But Mattel lead trial counsel John Quinn of Quinn Emanuel Urquardt Oliver & Hedges chided us for not focusing on what he called “the single most important fact about the jury’s verdict: the jury FOUND infringement.” Quinn said he intended to use the jury’s ruling that MGA had infringed Mattel’s copyrights when it created the Bratz doll to seek an injunction against the big-headed dolls that had cut through Barbieland like an army of tiny, eye-shadowed Godzillas.
Late Wednesday evening, Quinn was proved prescient. Federal district court judge Stephen Larson granted Mattel a sweeping injunction that essentially shuts down MGA’s Bratz operation. Larson ordered MGA to cease manufacturing, marketing, and selling almost every doll in the Bratz line, as well as every ancillary product that makes use of images of those dolls. He also ordered MGA, at its own expense, to deliver all infringing dolls and products to Mattel for impoundment and destruction. In a separate order, Judge Larson granted Mattel’s motion for a constructive trust on the Bratz name, which means that MGA can no longer even call any of its products Bratz.
The judge stayed enforcement of the injunction until February, when he has scheduled a hearing on post-trial motions by both sides.
“[The ruling] is a vindication of the principles Mattel has been pursuing all along,” said Quinn Emanuel partner Michael Zeller, who is colead counsel with Quinn. “We had an employee who was getting paid by Mattel, who received the benefits of working for Mattel, who secretly sold his designs to a competitor.”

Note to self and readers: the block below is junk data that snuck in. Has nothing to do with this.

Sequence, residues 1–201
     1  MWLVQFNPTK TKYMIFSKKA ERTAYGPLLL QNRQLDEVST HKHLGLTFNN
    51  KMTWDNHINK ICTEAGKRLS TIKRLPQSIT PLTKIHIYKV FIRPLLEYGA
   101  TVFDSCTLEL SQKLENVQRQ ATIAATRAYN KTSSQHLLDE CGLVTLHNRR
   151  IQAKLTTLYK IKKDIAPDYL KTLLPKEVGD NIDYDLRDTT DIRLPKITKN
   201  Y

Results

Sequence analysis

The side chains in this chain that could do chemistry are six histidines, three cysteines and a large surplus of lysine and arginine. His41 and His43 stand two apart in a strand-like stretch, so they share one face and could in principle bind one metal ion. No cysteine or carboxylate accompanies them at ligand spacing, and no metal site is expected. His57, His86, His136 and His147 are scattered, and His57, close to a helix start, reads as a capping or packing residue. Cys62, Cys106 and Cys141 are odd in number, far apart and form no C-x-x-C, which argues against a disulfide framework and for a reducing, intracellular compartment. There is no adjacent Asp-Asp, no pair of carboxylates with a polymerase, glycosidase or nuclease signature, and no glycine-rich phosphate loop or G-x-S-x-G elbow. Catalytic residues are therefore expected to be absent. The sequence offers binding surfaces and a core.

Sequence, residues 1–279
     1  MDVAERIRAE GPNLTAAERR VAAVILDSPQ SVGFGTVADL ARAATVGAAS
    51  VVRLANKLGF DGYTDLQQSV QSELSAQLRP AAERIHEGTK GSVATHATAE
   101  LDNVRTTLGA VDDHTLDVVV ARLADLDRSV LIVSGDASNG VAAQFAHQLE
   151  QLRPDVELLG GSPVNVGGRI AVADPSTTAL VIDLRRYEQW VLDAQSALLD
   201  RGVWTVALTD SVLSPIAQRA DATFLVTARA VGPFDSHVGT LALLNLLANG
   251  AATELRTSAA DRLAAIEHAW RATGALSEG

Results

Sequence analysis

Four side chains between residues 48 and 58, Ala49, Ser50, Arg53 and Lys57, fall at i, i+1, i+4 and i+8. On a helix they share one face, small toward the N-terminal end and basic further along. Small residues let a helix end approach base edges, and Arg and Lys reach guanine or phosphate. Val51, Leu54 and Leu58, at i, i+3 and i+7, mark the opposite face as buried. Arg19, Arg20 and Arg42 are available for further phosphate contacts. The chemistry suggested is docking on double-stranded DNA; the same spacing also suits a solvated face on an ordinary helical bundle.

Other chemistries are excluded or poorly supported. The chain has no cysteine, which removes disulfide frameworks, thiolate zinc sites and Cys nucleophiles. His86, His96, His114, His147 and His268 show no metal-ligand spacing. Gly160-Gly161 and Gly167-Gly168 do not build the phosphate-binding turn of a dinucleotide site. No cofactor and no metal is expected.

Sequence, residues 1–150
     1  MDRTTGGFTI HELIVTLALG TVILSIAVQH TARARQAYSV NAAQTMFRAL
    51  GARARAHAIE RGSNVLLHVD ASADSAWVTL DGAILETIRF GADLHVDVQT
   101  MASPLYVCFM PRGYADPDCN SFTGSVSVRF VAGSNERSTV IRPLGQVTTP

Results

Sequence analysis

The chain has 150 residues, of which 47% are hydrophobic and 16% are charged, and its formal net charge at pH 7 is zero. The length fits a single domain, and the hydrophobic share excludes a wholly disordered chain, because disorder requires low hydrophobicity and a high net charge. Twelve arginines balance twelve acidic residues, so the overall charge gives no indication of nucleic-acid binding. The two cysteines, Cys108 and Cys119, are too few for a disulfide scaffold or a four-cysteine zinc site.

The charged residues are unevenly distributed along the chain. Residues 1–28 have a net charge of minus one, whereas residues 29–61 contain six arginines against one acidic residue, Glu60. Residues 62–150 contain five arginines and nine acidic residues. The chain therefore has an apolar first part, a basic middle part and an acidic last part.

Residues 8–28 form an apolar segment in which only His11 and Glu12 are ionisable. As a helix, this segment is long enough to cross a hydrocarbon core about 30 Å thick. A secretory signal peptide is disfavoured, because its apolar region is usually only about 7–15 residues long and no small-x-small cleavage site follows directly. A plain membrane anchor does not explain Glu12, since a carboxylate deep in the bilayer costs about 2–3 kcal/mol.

We asked Zeller whether Quinn Emanuel was now laughing at everyone (including us) who had portrayed the $100 million damages ruling as semi-victory for MGA. He graciously declined to crow, but did allow that the firm is “gratified about the court’s ruling.”
MGA, which is represented by Thomas Nolan at Skadden, Arps, Slate, Meagher & Flom, told The Wall Street Journal that it planned to appeal Larson’s ruling. Nolan did not return the Litigation Daily’s call for comment.
Judge Larson explicitly rejected MGA’s central argument in a ruling explaining his reasoning on the injunction. Skadden’s Nolan had argued that any injunction should be limited to the first generation of Bratz dolls, which he claimed were the only dolls that made use of designs created when the Bratz designer was on Mattel’s payroll. Nolan argued that the $100 million jury verdict reflected the jury’s belief that only the early dolls infringed Mattel’s copyright. Judge Larson disagreed. The jury sent a note asking whether it could limit its infringement finding, but its final verdict did not. “The jury made no express finding on this issue,” Larson wrote.